Excerpted from Beachy/Blair, Abstract Algebra, 2nd Ed. © 1996

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§ 4.3 Polynomials with Integer Coefficients

 
Proposition 4.3.1. Let f(x) = anxn + an-1xn-1 + · · · + a1x + a0 be a polynomial with integer coefficients. If r/s is a rational root of f(x), with (r,s)=1, then r | a0 and s | an.

 
Definition 4.3.2. A polynomial with integer coefficients is called primitive if the greatest common divisor of all of its coefficients is 1.

 
Lemma 4.3.3. Let p be a prime number, and let f(x) = g(x)h(x), where

f(x) = amxm + · · · + a1x + a0,
g(x) = bnxn + · · · + b1x + b0,     and
h(x) = ckxk + · · · + c1x + c0.
If bs and ct are the coefficients of g(x) and h(x) of least index not divisible by p, then as+t is the coefficient of f(x) of least index not divisible by p.

 
Theorem 4.3.4. [Gauss's Lemma] The product of two primitive polynomials is itself primitive.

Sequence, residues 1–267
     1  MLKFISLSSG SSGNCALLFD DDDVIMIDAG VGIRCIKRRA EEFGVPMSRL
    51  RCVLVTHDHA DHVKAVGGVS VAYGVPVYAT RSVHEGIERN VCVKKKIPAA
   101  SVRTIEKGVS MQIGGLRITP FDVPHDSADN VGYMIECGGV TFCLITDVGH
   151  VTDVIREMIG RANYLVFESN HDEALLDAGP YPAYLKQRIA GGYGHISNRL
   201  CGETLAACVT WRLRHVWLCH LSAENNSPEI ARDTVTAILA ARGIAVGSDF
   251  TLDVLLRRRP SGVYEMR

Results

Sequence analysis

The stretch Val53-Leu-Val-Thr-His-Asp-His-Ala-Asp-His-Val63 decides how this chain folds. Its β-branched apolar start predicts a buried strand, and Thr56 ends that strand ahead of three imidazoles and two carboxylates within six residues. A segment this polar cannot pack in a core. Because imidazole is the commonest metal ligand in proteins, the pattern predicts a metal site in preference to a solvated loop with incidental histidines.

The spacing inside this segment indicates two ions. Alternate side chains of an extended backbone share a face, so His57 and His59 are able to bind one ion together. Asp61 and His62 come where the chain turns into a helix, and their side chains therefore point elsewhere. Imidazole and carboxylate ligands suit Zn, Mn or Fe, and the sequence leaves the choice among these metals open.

Theorem 4.3.5. A polynomial with integer coefficients that can be factored into polynomials with rational coefficients can also be factored into polynomials of the same degree with integer coefficients.

 
Theorem 4.3.6. [Eisenstein's Irreducibility Criterion] Let

f(x) = anxn + an-1xn-1 + · · · + a0

be a polynomial with integer coefficients. If there exists a prime number p such that

an-1 an-2 . . . a0 0 (mod p) but

an 0 (mod p) and a0 0 (mod p2),

then f(x) is irreducible over the field of rational numbers.

 
Corollary 4.3.7. If p is prime, then the polynomial

(x) = xp-1 + · · · + x + 1

is irreducible over the field of rational numbers.

 


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